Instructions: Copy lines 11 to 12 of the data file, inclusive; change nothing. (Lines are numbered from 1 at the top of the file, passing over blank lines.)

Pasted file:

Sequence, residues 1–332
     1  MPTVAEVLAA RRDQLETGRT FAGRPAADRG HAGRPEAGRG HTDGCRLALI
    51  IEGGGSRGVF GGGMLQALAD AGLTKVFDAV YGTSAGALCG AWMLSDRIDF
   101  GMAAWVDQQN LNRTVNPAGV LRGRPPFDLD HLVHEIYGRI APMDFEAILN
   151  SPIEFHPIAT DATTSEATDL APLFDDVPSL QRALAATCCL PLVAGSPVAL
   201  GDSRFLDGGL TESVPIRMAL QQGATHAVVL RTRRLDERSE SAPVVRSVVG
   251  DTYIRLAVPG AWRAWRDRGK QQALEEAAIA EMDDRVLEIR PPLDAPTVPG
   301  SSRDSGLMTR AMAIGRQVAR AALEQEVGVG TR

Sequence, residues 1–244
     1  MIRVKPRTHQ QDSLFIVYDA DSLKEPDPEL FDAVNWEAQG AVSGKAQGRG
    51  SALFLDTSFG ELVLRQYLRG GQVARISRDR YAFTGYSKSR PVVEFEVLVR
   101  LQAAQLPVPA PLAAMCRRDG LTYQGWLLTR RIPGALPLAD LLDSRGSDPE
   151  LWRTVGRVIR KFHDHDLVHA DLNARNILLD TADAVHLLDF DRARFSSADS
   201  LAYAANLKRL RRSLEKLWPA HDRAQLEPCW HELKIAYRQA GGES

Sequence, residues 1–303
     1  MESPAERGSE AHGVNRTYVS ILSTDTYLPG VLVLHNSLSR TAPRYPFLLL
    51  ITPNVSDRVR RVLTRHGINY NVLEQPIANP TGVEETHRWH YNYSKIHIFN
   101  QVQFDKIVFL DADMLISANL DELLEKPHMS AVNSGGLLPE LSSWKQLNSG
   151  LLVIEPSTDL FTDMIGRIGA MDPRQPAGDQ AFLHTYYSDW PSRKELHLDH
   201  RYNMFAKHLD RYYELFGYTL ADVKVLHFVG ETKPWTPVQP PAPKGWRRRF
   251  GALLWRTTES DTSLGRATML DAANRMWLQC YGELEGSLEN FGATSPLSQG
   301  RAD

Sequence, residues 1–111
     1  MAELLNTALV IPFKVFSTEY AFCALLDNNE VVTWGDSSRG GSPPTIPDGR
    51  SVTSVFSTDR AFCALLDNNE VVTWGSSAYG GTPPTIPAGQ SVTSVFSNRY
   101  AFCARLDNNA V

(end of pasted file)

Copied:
    51  SALFLDTSFG ELVLRQYLRG GQVARISRDR YAFTGYSKSR PVVEFEVLVR
   101  LQAAQLPVPA PLAAMCRRDG LTYQGWLLTR RIPGALPLAD LLDSRGSDPE